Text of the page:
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TitleSurficial geology, Clements Markham Inlet area, Nunavut, NTS 120-F and parts of NTS 120-E and G
AuthorBednarski, J M
SourceGeological Survey of Canada, Canadian Geoscience Map 210, 2016, 1 sheet, (Open Access)
PublisherNatural Resources Canada
Edition2, Prelim.
Maps1 map
Map Info.surficial geology, glacial deposits and landforms, 1:250,000
ProjectionUniversal Transverse Mercator Projection, UTM zone 19N (NAD83)
Mediaon-line; digital
RelatedNRCan photo(s) in this publication
RelatedThis publication supercedes Bednarski, J M; (2015). Surficial geology, Clements Markham Inlet area, Nunavut, NTS 120-F and parts of NTS 120-E and NTS 120-G, Geological Survey of Canada, Canadian Geoscience Map no. 210, ed. prelim.
File formatreadme
File formatpdf; rtf; xml; shp
NTS120E/04; 120E/05; 120E/12; 120E/13; 120F; 120G/03; 120G/04
AreaClements Markham Inlet
Lat/Long WENS -72.0000 -62.0000 83.2500 82.0000
Subjectssurficial geology/geomorphology; marine deposits; alluvial deposits; colluvial deposits; glacial features; glacial deposits; glacial landforms; glaciomarine deposits; glaciofluvial deposits; glaciolacustrine deposits; tills; kames; Cenozoic; Quaternary
ProgramGEM2: Geo-mapping for Energy and Minerals, Rae Province Project Management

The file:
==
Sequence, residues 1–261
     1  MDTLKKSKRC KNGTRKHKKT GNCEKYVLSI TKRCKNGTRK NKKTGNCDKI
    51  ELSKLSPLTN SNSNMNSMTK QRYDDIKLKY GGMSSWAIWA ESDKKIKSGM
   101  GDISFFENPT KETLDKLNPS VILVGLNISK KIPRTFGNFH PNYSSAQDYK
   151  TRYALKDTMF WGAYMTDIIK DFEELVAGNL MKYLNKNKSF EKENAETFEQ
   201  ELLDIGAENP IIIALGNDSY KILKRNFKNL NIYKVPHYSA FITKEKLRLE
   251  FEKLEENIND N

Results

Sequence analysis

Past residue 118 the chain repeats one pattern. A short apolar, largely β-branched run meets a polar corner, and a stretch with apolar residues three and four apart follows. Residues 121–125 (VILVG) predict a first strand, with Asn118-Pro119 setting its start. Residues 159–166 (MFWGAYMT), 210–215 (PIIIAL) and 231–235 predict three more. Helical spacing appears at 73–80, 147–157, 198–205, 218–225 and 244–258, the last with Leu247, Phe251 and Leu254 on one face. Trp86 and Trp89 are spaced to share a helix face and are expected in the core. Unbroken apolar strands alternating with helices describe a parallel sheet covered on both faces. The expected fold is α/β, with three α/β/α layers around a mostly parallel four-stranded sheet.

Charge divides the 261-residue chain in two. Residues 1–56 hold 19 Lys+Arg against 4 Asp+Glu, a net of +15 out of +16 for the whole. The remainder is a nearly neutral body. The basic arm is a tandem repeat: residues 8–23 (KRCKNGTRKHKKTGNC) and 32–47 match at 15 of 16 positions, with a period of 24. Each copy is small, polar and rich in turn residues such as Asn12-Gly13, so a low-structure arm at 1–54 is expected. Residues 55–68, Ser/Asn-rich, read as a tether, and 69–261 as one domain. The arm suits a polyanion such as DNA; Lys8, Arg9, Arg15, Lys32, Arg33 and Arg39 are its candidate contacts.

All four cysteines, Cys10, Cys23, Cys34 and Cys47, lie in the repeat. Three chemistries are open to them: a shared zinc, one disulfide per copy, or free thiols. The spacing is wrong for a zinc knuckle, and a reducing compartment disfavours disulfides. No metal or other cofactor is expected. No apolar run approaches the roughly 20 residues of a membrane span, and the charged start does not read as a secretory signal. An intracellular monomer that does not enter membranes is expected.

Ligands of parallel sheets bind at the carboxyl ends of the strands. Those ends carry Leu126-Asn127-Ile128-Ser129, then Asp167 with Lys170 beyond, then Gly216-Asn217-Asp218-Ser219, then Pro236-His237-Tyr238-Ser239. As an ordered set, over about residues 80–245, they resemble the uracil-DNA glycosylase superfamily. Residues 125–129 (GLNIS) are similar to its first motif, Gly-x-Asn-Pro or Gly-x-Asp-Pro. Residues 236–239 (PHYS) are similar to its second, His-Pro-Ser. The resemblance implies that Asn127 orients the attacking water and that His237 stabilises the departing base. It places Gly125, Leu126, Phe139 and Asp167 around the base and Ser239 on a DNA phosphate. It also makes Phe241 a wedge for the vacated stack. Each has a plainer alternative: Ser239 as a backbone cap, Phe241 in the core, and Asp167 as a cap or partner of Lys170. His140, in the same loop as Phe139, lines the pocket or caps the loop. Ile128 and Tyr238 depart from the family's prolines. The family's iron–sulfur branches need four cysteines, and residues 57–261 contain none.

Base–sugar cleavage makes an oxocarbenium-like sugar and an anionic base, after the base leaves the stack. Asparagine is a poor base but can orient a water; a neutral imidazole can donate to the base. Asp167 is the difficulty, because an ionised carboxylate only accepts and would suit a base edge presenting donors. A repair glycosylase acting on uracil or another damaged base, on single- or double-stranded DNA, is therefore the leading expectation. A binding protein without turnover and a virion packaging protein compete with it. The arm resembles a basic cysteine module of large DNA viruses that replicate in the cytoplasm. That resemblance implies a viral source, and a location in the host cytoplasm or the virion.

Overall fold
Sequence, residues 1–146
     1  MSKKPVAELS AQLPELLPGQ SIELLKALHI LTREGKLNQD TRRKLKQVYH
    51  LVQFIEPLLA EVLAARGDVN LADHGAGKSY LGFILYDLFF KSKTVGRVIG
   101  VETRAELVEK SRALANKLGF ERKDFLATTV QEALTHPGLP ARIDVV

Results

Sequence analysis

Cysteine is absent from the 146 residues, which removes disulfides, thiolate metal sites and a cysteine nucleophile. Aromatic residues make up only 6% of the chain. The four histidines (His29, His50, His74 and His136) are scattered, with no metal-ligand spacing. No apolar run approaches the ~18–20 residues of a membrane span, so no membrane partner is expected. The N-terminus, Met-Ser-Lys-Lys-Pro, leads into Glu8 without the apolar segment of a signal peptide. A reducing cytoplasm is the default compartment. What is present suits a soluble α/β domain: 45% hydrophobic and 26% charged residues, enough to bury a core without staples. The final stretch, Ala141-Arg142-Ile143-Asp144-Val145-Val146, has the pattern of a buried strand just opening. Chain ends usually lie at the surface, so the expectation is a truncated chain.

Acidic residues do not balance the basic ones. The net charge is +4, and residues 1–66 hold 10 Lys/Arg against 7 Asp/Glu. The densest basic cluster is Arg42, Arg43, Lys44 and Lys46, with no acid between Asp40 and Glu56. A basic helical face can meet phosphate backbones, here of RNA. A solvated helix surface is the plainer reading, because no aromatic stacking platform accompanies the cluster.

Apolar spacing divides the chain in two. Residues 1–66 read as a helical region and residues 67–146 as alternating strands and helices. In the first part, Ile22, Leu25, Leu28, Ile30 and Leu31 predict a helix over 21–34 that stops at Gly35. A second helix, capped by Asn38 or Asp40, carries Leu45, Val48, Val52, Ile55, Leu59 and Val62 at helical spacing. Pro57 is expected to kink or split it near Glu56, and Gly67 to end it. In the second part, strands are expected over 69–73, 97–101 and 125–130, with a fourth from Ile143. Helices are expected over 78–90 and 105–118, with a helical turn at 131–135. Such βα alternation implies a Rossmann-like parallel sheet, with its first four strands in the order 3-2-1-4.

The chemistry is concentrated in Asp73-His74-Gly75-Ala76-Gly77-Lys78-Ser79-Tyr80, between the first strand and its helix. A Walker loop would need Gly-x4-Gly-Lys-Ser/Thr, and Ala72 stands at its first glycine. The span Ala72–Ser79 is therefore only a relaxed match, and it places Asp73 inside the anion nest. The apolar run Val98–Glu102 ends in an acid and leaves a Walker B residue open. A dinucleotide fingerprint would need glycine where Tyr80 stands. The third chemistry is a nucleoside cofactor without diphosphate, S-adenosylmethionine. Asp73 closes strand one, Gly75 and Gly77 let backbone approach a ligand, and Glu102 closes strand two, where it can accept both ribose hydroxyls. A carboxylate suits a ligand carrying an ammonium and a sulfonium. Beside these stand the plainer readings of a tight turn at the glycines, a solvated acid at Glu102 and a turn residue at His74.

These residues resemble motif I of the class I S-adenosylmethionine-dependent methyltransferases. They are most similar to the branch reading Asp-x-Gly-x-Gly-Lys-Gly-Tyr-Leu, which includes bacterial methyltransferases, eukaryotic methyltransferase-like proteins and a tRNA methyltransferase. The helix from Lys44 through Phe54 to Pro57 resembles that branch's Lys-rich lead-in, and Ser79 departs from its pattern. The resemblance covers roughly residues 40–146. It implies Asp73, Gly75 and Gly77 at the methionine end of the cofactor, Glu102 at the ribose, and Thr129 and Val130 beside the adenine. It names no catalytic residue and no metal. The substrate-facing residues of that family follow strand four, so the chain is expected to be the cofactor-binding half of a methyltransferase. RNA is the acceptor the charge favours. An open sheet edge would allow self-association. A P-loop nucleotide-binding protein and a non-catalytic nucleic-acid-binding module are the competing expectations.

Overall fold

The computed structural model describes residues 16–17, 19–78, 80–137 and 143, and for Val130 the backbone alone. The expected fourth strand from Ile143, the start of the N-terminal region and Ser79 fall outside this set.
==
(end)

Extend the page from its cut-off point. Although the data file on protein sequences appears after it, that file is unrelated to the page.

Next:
Released2016 08 16
AbstractThe Quttinirpaaq National Park region is mountainous including the highest peak in eastern North America. Glaciers cover about half of the map area, including unique floating ice shelves along the north coast, which have largely broken up in the last few decades but many fiord and valley glaciers still contact the sea. Sedimentary rock outcrops form the dominant surficial unit, including large areas of frost shattered rubble mantling broad summits and slopes. Glacial debris is also widespread normally forming a thin discontinuous veneer of till or as isolated erratic boulders. In the past, as now, the main source of run-off and sediment is supplied by glacial meltwater. Consequently most of the unconsolidated sediment lies within formerly glaciated valleys and coastlines where there are complex associations of moraines, glaciofluvial and glaciomarine deposits related to the advance and retreat of valley glaciers and ice caps, coupled with falling sea levels caused by postglacial crustal uplift.